But our psalm points us toward the hope of being clay in God’s hands: the hope of restoration, or of a remolding.  The Psalmist holds out for us the the hope of God transforming us , renewing us and the whole world.
      And Paul expresses this hope as grounded in the person and work of Jesus Christ
      Where might all this lead? 
      What conclusions if we take Ferguson also as our text, as revelatory of God at work in our midst?
      I want to draw attention to the language of shaking, and of tearing, the disruption of the fabric of what seems unalterable and just the way things are.  But also that this shaking is the shaking of governments, nations, powers.  In these images and if we reflect on the deliverance of the people of Israel from their oppression in Egypt, their liberation and justice doesn't come from the systems and the state, Egypt isn't the source of their liberation, nor even that which cooperates with that liberation.  And if we hear Isaiah well, not even the people, can be the source of justice, transformation, and liberation.  The people of God also fail at justice and righteousness.  The state and the powers can and will be forced to deal justly, but they aren't the source nor the guarantor of justice nor are we the people the source or guarantor of justice.
      Justice comes from beyond, our hope is in that we don’t create justice rather we submit to it.  But what we submit to is a caring and loving reality.  Justice isn’t abstract and cold and unmoving.  Rather the source of justice is a shepherd, an artist, and a lover.
      Lastly Jesus says that when you see systems and the powerful sun and moon and stars shaken and upended, darkened blood red showing their violence, these are simply signs of something else.  That is if we are waiting for the United States to become a place devoid of all injustice and racism we are looking for the wrong thing. We have misinterpreting the signs.  Human government and systems of justice are just that human, mortal, limited and passing away, and fallible.  Our human systems will fail us.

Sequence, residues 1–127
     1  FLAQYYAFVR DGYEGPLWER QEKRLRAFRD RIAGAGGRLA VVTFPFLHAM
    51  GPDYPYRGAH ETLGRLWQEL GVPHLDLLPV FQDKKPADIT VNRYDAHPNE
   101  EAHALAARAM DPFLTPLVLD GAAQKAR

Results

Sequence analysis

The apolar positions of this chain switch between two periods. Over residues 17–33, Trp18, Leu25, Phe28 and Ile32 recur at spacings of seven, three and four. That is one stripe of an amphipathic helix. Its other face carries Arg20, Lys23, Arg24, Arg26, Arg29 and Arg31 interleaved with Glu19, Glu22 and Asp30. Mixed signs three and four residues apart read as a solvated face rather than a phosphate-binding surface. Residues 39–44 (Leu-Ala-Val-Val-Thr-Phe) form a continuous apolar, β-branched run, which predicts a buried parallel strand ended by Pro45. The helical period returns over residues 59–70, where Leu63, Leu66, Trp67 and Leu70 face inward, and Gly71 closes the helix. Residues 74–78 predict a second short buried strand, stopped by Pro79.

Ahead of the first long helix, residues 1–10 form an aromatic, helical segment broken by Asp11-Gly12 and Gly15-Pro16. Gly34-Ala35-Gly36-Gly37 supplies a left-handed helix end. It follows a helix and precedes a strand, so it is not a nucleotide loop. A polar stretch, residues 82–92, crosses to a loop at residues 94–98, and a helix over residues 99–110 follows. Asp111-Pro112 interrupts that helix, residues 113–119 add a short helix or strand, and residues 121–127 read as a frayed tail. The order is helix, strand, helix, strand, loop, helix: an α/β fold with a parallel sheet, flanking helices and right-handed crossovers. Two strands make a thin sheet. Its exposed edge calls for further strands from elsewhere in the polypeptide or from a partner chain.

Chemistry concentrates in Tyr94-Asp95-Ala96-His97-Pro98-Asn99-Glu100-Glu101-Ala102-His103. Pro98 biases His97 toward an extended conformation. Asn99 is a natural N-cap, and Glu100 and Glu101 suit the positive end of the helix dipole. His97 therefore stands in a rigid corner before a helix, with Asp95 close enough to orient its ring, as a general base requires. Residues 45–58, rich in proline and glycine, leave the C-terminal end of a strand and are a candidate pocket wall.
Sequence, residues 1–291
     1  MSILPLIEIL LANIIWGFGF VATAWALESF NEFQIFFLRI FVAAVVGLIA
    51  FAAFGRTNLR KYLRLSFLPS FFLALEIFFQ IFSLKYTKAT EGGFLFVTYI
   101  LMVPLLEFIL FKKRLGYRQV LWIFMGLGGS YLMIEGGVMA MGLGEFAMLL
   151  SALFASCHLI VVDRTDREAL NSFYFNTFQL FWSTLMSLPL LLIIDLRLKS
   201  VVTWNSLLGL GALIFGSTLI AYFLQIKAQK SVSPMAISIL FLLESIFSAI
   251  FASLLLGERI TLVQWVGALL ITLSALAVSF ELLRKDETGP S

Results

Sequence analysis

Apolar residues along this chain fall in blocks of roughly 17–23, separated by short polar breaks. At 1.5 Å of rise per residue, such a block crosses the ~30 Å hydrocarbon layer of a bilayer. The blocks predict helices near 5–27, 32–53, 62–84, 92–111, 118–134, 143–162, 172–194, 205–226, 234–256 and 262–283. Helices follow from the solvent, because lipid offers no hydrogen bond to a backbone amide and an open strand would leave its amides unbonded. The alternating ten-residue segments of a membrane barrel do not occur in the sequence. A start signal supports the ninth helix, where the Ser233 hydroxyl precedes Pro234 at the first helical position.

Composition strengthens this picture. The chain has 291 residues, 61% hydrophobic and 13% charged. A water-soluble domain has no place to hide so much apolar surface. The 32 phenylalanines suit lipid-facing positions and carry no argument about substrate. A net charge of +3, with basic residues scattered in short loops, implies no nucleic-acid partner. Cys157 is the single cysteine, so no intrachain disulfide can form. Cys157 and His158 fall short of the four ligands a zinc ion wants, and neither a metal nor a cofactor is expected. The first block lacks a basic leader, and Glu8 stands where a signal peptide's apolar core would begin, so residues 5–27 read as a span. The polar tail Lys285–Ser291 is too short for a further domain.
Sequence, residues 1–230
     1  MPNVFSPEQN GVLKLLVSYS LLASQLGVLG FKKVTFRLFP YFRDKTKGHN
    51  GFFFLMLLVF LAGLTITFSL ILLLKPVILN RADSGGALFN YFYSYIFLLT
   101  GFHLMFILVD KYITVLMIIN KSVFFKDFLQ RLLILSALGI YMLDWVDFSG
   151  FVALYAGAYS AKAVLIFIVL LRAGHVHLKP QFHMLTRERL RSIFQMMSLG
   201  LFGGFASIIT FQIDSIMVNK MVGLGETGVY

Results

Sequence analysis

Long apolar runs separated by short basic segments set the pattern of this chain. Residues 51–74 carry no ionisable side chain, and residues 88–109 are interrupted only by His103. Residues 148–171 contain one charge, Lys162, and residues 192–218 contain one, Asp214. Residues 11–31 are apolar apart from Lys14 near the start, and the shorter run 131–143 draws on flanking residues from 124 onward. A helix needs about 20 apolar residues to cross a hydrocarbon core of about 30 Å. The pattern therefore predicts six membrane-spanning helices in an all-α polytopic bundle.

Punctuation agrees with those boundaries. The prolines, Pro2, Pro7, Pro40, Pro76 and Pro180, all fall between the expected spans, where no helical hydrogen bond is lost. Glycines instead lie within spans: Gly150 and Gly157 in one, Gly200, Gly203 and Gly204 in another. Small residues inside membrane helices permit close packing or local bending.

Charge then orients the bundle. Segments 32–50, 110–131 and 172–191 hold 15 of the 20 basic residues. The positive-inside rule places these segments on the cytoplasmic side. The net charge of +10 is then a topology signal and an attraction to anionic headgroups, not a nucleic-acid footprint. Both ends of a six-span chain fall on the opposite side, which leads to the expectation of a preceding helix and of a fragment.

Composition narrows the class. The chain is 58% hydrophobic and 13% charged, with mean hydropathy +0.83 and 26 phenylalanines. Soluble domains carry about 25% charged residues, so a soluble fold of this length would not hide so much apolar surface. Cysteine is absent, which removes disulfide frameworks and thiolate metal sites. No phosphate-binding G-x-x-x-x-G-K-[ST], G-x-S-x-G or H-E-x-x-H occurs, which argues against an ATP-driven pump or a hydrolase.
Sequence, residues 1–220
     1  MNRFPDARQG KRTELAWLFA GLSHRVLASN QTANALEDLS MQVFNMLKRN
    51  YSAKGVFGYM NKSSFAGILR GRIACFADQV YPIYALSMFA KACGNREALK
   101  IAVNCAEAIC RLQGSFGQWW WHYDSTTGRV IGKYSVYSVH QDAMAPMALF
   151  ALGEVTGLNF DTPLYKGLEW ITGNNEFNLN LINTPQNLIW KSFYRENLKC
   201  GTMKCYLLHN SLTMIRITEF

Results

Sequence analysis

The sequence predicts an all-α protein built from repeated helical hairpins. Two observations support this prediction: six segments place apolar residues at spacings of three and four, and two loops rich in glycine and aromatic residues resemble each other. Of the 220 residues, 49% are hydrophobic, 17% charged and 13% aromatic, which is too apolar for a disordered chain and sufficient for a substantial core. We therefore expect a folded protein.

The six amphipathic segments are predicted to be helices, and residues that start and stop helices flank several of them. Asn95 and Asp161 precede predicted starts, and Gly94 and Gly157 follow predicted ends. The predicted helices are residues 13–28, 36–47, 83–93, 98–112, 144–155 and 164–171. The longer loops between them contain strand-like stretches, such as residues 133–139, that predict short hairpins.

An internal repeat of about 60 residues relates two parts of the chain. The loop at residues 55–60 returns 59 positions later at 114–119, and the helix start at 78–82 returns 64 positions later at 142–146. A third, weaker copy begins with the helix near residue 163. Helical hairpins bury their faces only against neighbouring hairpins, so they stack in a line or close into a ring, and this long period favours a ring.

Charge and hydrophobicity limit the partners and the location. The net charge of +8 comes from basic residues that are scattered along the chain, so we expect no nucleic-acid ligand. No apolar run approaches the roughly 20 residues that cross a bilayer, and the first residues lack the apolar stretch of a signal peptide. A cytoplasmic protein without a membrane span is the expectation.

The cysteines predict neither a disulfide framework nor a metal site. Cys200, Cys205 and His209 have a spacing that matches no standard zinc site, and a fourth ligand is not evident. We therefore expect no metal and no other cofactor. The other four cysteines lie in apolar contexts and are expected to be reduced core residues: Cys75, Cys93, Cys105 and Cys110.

Our hope is in a more lasting and radical transformation of the world in which the world once again shows forth completely the love and justice of God who is the very source the very life blood of our existence.
      And Tonight I proclaim to you that God did tear open the heavens and come down, and is now forever bound to the physical created universe.  The systems of the world were shaken to their knees, and then went on their merry way because it was just a Jewish Galilean peasant wonder-worker easily dispatched through human justice and state sponsored violence.  But in that the governments and powers exposed themselves for what they were and are systems of violence set against the very source of life.  The good news is we can turn to this one and find God at work transforming us into citizens of a more just and loving world.  Since God became incarnate in the Virgin Mary, God has been at work in matter and the physical world, in our very bodies transforming the world into what it should be. Are you ready for that world? Are you awake to that world?  Wake up stay awake. Be a citizen of the world that is coming in which racism and all forms of oppression and injustice are shaken from the earth.
      Stay awake and watch for that world is coming, the signs of its coming are in the protests even the riots in Ferguson, but also right here in our midst. Right here as we take in each week the justice of God in human flesh, who awakens you to this transformed and transfigured world, slowly making you, in your very body, into a person of love and justice, a citizen of the present and coming reign of God.